Year Round Schooling Could be a Positive Change

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Summer vacation. For most children and teens, the phrase conjures up images of hot, sunny days and vacations with the whole family to far-off places. We all envision lazy afternoons relaxing on the beach, playing in water parks, and going on picnics. But what happens when summer ends and the reality of another year of school sinks in?

A large portion of the knowledge gained during the last school year is lost over the long idle months and must be retaught for weeks, which wastes a lot of time that could be spent learning new material. This puts students behind in that year’s curriculum, and over many summers, can add up to students being months or years behind where they would be if no learning was lost. There is a solution to this problem, however: year-round school. Year-round school provides many advantages for both students and adults over the traditional summer vacation schedule.

The most important advantage of year-round school is that it helps students retain knowledge. Learning lost during the summer is a big problem. Proponents of year-round school assert that having shorter breaks would reduce learning loss because the students couldn’t forget as much over a shorter period of time. Detractors often say that there have been no reputable studies supporting this. It is true that many studies had somewhat faulty methodologies, failing to account for other variables that could have affected performance, like socioeconomic level or level of parental education (1). However, two major meta-analyses, by Worthen and Zsiray (1994) and Cooper, Valentine, Charlton, and Melson (2003), found support for the assertion that “Students in year-round schools do as well or slightly better in terms of academic achievement than students ...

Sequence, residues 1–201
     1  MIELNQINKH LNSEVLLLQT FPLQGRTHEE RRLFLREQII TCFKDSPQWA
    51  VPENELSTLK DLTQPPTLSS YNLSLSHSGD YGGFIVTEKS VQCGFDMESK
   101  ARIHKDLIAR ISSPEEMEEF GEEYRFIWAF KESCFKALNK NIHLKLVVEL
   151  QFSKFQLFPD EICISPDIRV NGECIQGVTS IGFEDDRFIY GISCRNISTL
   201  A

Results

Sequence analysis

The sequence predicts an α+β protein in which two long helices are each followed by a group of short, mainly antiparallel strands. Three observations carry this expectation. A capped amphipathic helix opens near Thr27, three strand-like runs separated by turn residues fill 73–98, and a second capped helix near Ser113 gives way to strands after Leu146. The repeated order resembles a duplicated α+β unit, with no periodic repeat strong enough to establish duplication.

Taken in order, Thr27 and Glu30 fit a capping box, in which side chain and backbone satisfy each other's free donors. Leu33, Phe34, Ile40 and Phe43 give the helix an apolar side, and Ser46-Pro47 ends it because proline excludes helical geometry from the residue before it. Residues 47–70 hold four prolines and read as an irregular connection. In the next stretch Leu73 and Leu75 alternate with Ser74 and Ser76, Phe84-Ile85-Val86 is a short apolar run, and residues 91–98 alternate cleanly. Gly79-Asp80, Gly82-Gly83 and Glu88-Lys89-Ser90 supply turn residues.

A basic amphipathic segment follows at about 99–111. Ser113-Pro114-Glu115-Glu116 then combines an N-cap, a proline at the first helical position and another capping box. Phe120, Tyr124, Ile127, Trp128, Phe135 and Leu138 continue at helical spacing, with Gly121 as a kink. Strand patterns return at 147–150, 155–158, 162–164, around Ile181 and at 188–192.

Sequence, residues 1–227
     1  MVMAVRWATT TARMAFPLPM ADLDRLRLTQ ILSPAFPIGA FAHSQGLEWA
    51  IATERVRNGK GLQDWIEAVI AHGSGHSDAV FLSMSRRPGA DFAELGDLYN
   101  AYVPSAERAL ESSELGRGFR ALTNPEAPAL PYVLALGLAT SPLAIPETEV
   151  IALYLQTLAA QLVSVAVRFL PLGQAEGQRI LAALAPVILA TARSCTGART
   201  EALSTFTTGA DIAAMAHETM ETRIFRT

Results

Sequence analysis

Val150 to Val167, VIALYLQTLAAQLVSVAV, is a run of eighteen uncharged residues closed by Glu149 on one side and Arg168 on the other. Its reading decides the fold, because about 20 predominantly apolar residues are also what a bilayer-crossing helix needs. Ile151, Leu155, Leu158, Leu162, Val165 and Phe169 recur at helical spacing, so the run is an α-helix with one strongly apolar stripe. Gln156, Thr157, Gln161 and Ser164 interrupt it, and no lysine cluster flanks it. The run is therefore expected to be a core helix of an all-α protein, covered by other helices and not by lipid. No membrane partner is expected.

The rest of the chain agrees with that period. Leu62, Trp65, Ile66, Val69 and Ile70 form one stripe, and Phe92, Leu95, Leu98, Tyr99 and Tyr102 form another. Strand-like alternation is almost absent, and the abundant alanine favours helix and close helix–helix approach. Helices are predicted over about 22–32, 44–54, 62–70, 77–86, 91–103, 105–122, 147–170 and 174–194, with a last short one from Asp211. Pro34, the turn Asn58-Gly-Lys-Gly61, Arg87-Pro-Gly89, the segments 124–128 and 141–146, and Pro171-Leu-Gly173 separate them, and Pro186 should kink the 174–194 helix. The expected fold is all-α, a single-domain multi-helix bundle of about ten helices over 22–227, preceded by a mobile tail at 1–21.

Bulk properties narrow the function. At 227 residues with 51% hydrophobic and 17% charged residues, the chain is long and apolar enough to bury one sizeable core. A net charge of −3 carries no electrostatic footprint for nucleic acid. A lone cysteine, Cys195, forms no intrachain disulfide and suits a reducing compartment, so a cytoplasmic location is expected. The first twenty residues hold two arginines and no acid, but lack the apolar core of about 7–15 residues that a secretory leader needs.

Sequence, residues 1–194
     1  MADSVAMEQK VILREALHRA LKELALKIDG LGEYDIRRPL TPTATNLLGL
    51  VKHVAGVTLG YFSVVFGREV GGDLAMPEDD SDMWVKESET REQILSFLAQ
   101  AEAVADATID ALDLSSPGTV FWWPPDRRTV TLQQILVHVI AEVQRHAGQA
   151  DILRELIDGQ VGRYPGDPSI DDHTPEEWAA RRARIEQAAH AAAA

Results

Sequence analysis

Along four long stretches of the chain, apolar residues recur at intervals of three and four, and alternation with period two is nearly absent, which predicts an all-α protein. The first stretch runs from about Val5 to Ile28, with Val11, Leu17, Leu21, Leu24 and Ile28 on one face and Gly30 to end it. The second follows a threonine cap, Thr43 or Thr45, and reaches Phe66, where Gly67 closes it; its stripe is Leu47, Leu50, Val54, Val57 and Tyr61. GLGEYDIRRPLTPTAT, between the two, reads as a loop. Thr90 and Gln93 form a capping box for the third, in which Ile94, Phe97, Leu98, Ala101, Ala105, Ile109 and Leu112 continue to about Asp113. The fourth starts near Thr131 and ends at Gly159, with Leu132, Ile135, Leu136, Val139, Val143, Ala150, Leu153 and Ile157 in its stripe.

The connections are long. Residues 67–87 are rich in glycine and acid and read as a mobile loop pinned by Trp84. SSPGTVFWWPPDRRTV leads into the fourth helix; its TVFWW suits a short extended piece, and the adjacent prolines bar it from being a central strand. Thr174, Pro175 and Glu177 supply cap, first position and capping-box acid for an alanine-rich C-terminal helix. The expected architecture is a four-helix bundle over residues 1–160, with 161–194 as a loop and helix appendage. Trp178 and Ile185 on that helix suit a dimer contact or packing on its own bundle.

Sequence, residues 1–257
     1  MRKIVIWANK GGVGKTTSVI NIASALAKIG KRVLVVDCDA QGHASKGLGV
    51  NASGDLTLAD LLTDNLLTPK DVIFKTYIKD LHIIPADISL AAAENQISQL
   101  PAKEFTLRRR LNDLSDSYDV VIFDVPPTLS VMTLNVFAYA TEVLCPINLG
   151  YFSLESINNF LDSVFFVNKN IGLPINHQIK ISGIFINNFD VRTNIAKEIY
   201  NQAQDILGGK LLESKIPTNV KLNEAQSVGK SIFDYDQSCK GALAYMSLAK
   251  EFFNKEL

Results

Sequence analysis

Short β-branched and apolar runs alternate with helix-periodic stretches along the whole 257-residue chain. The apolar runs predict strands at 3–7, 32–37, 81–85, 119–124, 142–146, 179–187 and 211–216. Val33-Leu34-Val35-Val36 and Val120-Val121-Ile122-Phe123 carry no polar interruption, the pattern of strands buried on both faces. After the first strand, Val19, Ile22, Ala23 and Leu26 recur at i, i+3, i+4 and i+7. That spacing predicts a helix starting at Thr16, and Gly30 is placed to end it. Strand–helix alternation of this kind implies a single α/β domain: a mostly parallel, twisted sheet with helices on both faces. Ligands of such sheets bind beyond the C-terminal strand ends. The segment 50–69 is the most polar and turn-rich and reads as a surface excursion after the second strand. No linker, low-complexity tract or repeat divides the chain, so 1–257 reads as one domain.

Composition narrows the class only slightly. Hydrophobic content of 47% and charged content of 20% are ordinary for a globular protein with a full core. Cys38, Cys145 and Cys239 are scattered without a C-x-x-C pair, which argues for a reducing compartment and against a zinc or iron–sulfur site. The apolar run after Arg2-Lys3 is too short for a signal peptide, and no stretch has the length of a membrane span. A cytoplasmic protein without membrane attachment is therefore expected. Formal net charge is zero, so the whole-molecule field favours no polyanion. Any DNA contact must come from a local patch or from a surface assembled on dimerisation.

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...ities. It would also help students by keeping them engaged and focused before and after breaks. Considering all the gains to be made from year-round school, perhaps it is time to give up the long, sweltering three months of summer break and receive shorter and more frequent ones that benefit everyone in the school. I know I wouldn’t miss them.

Works Cited

Bemis, Amy E, and Elisabeth A Palmer. “Year-Round Education.” Center for Applied Research and Educational Improvement. University of Minnesota, 1998. Web. 31 May 2010. PDF file.

Huebner, Tracy A. "Year-Round Schooling." Educational Leadership 67.7 (2010): 83-84. Professional Development Collection. EBSCO. Web. 27 May 2010.

St. Gerard, Vanessa. "Year-Round Schools Look Better All the Time." Education Digest: Essential Readings Condensed for Quick Review 72.8 (2007): 56-58. ERIC. EBSCO. Web. 27 May 2010.

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